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Daily Challenge 5:

We practiced several things, building a list in a program, making a clear function definition, and using assert to test our function.

Help Task 1: Edit this snippet then run the function (in the terminal): help(factors). Whoa!

Interview Question

FizzBuzz Write a program that prints the numbers from 1 to 100. But for multiples of three print “Fizz” instead of the number and for the multiples of five print “Buzz”. For numbers which are multiples of both three and five print “FizzBuzz”.

Class 6: Dictionaries

So last time we looked at lists and some nice ways of using them. Now I want to introduce a very different type of data storage idea. The dictionary. It uses { } braces to hold key-value pairs. The idea of key-value pairs is very important so let's take a look at some basics.

Mini-Task 2: Create a dictionary named hero give it two keys: name and strength. Print the hero's name by using the name key.

You can write to a dictionary the same way you read from a dictionary: mydict[key] = new_value.

Alter-Task 3: Change the hero's name to banana and print again.

Research Task 4: use the dir(variable_name_here) trick to see what methods a dictionary has. Use help(variable.method) to read the documentation on a particular method. (Try items.)

So a dictionary is a way of making a collection of data that really belongs together. Let's take a person. What traits should our code know about a student?

Creation Task 5: Create a dictionary called student and populate it with some data that you think an administrator would want to know about a student.

One crucial skill with dictionaries is deciding if a key exists or not. Here is a reason why, you can easily overwrite data that perhaps you didn't want to:

Evaluate Task 6: What is the value of book_index["Alchemy"] after the above snippet?

If you want to detect if a key exists we have a new operator called in. This is a nice way of asking if a key is in our dictionary (or a value is in a list).

The same trick works in lists and strings!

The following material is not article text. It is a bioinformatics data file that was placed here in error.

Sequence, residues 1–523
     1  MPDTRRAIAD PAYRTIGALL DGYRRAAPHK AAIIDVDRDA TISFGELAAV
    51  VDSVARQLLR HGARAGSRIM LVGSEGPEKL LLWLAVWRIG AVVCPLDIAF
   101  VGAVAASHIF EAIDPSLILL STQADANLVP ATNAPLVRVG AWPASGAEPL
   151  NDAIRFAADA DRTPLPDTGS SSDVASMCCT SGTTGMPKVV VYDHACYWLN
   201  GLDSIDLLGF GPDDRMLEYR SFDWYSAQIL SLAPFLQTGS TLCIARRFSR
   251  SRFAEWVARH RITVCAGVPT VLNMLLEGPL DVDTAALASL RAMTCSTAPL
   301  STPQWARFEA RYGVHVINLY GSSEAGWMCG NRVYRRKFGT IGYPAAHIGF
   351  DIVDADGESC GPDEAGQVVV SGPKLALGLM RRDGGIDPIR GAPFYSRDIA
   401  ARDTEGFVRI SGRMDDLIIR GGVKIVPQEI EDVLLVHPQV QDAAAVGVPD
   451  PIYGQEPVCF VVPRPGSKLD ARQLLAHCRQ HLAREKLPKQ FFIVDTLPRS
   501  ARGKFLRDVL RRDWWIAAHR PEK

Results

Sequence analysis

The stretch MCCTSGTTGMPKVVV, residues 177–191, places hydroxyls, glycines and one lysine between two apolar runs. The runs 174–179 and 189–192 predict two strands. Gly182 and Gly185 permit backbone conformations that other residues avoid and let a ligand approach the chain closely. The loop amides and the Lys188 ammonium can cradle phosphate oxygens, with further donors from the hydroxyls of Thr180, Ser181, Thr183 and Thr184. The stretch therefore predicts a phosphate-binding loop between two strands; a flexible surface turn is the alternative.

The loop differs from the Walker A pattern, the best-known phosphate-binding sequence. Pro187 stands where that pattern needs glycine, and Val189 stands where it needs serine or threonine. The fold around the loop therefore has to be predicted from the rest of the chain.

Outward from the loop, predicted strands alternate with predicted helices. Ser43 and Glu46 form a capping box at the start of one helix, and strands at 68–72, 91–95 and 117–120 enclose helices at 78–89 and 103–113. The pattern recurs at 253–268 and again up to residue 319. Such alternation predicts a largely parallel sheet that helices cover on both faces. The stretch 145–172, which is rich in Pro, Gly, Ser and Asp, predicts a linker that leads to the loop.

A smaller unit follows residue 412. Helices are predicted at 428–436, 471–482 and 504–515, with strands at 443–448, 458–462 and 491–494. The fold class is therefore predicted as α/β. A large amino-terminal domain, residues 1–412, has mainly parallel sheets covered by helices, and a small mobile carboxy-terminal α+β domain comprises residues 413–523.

Function Task 7: Refactor the above snippet, so that there is now a function called is_in(check_me, from_me) which is called three times. Now call it on a dictionary and a string.


A very cool use of a dictionary is as a histogram. Take a look at this snippet:

Concept Task 8: As a META task determine the letter distribution of the words in this task!

Use a dictionary whenever you want to save and retrieve data based on a key or identifier. Be aware that the keys are never sorted.

Extra Credit: Write code which does this histogram trick but which gives the results in the order of the values.

Iterating through dictionaries

Just like lists, we'll want to programmatically visit every value in a dictionary every now and again. Here are four different ways:

Applied Task 9:In the next snippet I'm giving you a dictionary of departments and each department will have a dictionary of phone numbers. Take this data and write a "phone call" loop which goes through each department and "calls" each person (by printing to the screen something like "Called Samantha Jones of the Booger Department at 555-555-5555").

Deleting a key

We can get rid of a dictionary key with the word del(whatever[key_here]).

Do to Learn Task 10: Try it out. Take the departments dictionary and delete departments["Math"]. Then try to print "Math".

Super cool extra: sorted

Check it out:

Daily Challenge 6

Create a family tree. Feel free to have arrays of dictionaries for children which can themselves be dictionaries. Think it out creatively.